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Author Topic: Normal levels?  (Read 3704 times)

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Denver_wrench

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Normal levels?
« on: August 08, 2011, 01:31:19 AM »
I was just told by my Dr. that my blood test results are as follows: No cobalt detected (minimal levels), chromium at 0.8. He sounded pretty happy about that, as am I. I expected high levels at 6 weeks post-op but there we have it.
LBHR June 9, 2011, St. Joseph's, Denver, CO

Tommy

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Re: Normal levels?
« Reply #1 on: August 08, 2011, 11:38:16 AM »
Do you know what high levels of cobalt/chromium would be?
Dr Tupper  LBHR  6/02/09
Oklahoma

Denver_wrench

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Re: Normal levels?
« Reply #2 on: August 08, 2011, 05:16:04 PM »
My admittedly limited understanding of this is that both levels can be as high as 10 ug/L within the first year.
LBHR June 9, 2011, St. Joseph's, Denver, CO

Tin Soldier

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Re: Normal levels?
« Reply #3 on: August 08, 2011, 11:59:12 PM »
I've seen anything less than or equal to 4 ug/L as a good number for Co.  That came from Pritchett's paper on MoM and metallosis.  I didn't see anything in there on Cr, yet some folks on here have suggested what normal levels would be for Cr and I believe it's in the 0.5 to 1 ug/L range.  In Pritchett's paper he recommends looking into potential metallosis if Co is above 100 ug/L and if there are other signs, like pain. 
LBHR 2/22/11, RBHR 8/23/11 - Pritchett.

Tommy

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Re: Normal levels?
« Reply #4 on: August 09, 2011, 12:18:10 AM »
Thanks for the info does any one know what pain from Co would feel like. Where can I find Pritchett's paper.
Dr Tupper  LBHR  6/02/09
Oklahoma

Tin Soldier

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Re: Normal levels?
« Reply #5 on: August 09, 2011, 04:36:18 PM »
There's a number of papers on the subject, but one that folks tend to look at is Pritchett's paper, because it's fairly general, but still pretty involved.  It's in the link below.

For pain, it would not be specific to the metal, it would simply be inflammation from the excessive metals in the hip area.  I think you'll see some posts about psuedotumor and bursa and those sorts of issues.  I don't think there is any real specific pin point locations where you would expect to find the beginning of metallosis, I think it tends to come with pain in the hip area for no good reason.  Pritchett's paper talks about how it generally presents itself.  It's one of those things we all sort of worry about a little, but I think it's actually pretty uncommon.  Pat's webpage on the subject has a lot of good info, also.

http://www.pritchettorthopedics.com/articles.php
LBHR 2/22/11, RBHR 8/23/11 - Pritchett.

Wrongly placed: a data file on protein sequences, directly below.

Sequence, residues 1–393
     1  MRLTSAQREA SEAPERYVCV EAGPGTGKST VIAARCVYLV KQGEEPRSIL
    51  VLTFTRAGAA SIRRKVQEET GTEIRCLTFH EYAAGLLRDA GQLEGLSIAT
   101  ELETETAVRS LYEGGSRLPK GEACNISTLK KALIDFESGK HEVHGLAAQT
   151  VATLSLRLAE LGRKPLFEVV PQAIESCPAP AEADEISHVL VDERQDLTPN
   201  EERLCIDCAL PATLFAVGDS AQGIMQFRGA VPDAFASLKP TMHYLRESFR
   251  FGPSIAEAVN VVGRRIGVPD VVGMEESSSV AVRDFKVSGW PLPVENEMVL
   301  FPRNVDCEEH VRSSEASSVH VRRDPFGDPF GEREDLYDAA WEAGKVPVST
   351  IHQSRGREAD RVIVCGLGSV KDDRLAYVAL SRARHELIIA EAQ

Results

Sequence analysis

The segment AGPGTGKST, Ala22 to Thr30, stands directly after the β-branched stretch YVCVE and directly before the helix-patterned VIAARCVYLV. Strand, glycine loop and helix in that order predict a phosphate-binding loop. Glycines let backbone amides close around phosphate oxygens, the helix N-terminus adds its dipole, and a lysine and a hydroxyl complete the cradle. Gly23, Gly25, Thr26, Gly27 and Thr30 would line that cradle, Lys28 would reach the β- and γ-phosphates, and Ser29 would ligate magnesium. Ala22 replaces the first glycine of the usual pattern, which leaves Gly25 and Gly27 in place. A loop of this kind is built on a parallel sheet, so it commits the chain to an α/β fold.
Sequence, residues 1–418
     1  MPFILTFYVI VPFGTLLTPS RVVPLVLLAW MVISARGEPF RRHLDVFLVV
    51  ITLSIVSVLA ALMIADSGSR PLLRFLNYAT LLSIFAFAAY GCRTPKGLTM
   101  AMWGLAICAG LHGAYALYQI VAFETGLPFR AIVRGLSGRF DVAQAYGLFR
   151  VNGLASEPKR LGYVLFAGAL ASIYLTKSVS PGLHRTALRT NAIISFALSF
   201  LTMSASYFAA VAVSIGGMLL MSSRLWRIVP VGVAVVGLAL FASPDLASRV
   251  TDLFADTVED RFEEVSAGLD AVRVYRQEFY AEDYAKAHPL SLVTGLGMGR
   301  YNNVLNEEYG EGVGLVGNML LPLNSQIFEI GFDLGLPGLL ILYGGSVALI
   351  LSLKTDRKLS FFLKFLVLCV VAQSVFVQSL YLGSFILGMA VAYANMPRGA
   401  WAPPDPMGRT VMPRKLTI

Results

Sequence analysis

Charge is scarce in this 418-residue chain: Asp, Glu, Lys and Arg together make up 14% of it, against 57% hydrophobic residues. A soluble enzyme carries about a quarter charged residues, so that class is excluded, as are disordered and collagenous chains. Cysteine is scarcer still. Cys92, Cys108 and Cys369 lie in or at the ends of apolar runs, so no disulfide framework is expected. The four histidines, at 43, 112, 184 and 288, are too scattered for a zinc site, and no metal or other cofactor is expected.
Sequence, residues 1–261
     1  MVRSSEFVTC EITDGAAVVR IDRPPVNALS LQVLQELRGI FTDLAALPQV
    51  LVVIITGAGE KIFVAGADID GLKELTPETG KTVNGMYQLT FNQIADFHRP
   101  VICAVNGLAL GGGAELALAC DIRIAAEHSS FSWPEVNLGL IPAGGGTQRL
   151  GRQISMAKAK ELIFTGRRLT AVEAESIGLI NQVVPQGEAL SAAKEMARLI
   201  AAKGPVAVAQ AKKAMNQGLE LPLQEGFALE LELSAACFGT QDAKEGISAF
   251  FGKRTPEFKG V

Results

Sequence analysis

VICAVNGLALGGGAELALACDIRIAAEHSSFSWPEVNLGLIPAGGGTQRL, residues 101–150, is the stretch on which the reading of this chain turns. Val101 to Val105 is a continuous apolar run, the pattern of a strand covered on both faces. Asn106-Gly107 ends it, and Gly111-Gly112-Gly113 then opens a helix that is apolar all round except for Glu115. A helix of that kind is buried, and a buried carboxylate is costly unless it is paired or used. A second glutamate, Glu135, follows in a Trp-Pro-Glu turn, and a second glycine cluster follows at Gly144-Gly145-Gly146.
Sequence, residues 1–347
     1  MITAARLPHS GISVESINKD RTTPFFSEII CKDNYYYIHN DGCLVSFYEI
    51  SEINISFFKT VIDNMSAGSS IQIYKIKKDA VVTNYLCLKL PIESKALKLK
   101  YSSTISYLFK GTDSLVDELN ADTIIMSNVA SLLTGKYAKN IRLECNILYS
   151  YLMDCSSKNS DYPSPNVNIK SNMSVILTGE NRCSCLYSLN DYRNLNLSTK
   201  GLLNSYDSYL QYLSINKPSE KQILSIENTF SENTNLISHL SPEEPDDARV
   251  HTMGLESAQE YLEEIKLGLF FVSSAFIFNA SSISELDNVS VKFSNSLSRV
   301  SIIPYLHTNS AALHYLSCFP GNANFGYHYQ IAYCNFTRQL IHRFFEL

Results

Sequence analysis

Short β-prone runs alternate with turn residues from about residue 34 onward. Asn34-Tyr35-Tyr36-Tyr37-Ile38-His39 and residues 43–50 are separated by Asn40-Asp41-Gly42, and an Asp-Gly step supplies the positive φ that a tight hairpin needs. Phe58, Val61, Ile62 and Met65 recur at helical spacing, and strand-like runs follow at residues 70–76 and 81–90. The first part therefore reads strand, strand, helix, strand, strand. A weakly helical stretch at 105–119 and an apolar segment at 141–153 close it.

Tommy

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Re: Normal levels?
« Reply #6 on: August 09, 2011, 11:22:17 PM »
Dr. Pritchett's paper has some good info thanks for turning me on to it.
                                                                          Tommy
Dr Tupper  LBHR  6/02/09
Oklahoma

Lopsided

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Re: Normal levels?
« Reply #7 on: August 10, 2011, 05:11:12 AM »
This comes from the other resurfacing site, in turn from McMinn:

The MHRA (medicines and healthcare products regulatory agency) the statutory body that regulates resurfacing devices in the UK advocates the figure of 119 nmol/L cobalt (or 7 parts per billion, ppb) for resurfacings. This was not arrived at, by performing the kind of pharmacokinetic tests that are carried out for drug toxicity. It was based on the distribution and variations of cobalt levels in patients with well-functioning metal-on-metal (MoM) resurfacing. Levels above this do not indicate systemic toxicity. They have used it more as a rough guide to identify potential cases for local debris related reactions only. 

It is suggested that it is reasonable to reassure patients with less than 7ppb that they had a well functioning MOM hip and monitor those with greater than 7ppb. It does not mean that this level causes systemic toxicity. It only implies that among patients who develop a local reaction the blood levels are often greater than 7ppb.



Proud To Be Dr. De Smet's First Uncemented Conserve Plus, Left, August 2010

mdmdale

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Re: Normal levels?
« Reply #8 on: December 27, 2019, 01:12:01 PM »
I know this is old on here but Iím having issues. My hip bone death was found to be from 3 shots of cortisone. Two on one buttcheek and one on the other. I was checked for all other known causes. I feel like since Iím so sensitive to many medications, maybe Iím also sensitive to low levels of these metals. Iím seeing yet another dr soon.

 

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